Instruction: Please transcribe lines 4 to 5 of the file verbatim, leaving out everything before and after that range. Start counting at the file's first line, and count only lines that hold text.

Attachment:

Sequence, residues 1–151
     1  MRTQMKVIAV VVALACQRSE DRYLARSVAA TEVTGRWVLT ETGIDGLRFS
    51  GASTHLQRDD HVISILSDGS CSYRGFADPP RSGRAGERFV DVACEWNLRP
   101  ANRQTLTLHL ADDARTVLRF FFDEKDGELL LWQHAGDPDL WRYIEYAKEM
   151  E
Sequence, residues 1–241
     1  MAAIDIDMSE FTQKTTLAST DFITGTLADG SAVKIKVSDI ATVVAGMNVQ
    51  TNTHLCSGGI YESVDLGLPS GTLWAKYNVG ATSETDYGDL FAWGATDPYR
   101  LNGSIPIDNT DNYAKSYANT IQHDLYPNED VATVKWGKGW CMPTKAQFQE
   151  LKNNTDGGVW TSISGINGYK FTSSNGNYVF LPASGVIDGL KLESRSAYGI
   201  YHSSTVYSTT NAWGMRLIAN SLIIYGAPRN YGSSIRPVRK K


   101  ANRQTLTLHL ADDARTVLRF FFDEKDGELL LWQHAGDPDL WRYIEYAKEM
   151  E